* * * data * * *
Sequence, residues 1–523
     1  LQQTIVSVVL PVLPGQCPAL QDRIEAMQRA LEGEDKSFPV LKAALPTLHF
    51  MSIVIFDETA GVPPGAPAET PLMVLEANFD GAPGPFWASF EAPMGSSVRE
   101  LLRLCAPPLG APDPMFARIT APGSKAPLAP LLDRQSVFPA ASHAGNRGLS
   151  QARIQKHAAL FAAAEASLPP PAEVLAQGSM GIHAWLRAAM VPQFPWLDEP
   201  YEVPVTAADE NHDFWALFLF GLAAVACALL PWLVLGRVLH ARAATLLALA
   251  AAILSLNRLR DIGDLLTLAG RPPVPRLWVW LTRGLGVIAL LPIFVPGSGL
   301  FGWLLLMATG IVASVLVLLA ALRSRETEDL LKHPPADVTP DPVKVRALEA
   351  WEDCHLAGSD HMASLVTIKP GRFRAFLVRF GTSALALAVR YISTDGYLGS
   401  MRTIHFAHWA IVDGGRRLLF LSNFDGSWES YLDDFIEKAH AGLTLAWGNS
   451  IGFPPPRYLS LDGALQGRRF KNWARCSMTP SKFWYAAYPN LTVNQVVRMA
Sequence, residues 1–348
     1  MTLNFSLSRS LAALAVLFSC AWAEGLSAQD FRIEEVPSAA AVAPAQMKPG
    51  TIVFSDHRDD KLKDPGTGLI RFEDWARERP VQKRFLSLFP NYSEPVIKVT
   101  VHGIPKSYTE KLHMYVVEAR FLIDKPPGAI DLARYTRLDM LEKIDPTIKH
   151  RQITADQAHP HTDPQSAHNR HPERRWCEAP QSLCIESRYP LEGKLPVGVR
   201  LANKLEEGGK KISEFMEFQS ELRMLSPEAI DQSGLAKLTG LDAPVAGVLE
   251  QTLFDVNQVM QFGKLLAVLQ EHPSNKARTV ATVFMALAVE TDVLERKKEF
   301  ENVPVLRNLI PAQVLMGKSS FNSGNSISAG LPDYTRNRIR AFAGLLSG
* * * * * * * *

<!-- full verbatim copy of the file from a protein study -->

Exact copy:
Sequence, residues 1–523
     1  LQQTIVSVVL PVLPGQCPAL QDRIEAMQRA LEGEDKSFPV LKAALPTLHF
    51  MSIVIFDETA GVPPGAPAET PLMVLEANFD GAPGPFWASF EAPMGSSVRE
   101  LLRLCAPPLG APDPMFARIT APGSKAPLAP LLDRQSVFPA ASHAGNRGLS
   151  QARIQKHAAL FAAAEASLPP PAEVLAQGSM GIHAWLRAAM VPQFPWLDEP
   201  YEVPVTAADE NHDFWALFLF GLAAVACALL PWLVLGRVLH ARAATLLALA
   251  AAILSLNRLR DIGDLLTLAG RPPVPRLWVW LTRGLGVIAL LPIFVPGSGL
   301  FGWLLLMATG IVASVLVLLA ALRSRETEDL LKHPPADVTP DPVKVRALEA
   351  WEDCHLAGSD HMASLVTIKP GRFRAFLVRF GTSALALAVR YISTDGYLGS
   401  MRTIHFAHWA IVDGGRRLLF LSNFDGSWES YLDDFIEKAH AGLTLAWGNS
   451  IGFPPPRYLS LDGALQGRRF KNWARCSMTP SKFWYAAYPN LTVNQVVRMA
Sequence, residues 1–348
     1  MTLNFSLSRS LAALAVLFSC AWAEGLSAQD FRIEEVPSAA AVAPAQMKPG
    51  TIVFSDHRDD KLKDPGTGLI RFEDWARERP VQKRFLSLFP NYSEPVIKVT
   101  VHGIPKSYTE KLHMYVVEAR FLIDKPPGAI DLARYTRLDM LEKIDPTIKH
   151  RQITADQAHP HTDPQSAHNR HPERRWCEAP QSLCIESRYP LEGKLPVGVR
   201  LANKLEEGGK KISEFMEFQS ELRMLSPEAI DQSGLAKLTG LDAPVAGVLE
   251  QTLFDVNQVM QFGKLLAVLQ EHPSNKARTV ATVFMALAVE TDVLERKKEF
   301  ENVPVLRNLI PAQVLMGKSS FNSGNSISAG LPDYTRNRIR AFAGLLSG